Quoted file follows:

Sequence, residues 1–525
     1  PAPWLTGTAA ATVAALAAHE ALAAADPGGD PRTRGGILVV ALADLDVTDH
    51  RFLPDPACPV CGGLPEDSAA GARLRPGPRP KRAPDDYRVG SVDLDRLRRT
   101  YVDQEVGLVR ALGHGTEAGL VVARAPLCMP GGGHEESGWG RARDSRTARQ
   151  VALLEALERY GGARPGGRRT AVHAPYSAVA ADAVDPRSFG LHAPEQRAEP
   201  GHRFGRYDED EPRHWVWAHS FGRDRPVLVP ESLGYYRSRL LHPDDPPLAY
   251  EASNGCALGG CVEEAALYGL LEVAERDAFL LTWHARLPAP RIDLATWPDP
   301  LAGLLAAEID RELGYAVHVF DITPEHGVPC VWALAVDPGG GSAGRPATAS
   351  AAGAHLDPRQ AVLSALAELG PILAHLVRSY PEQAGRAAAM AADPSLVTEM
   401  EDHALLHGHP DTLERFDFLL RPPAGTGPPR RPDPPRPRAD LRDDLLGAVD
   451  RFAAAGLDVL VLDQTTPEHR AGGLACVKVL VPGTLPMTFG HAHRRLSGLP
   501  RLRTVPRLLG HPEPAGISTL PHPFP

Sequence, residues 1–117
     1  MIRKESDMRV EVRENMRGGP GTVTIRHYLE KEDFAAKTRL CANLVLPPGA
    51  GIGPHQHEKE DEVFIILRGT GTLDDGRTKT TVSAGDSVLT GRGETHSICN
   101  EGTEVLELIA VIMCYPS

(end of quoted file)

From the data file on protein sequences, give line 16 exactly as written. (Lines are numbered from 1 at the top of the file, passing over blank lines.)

   101  EGTEVLELIA VIMCYPS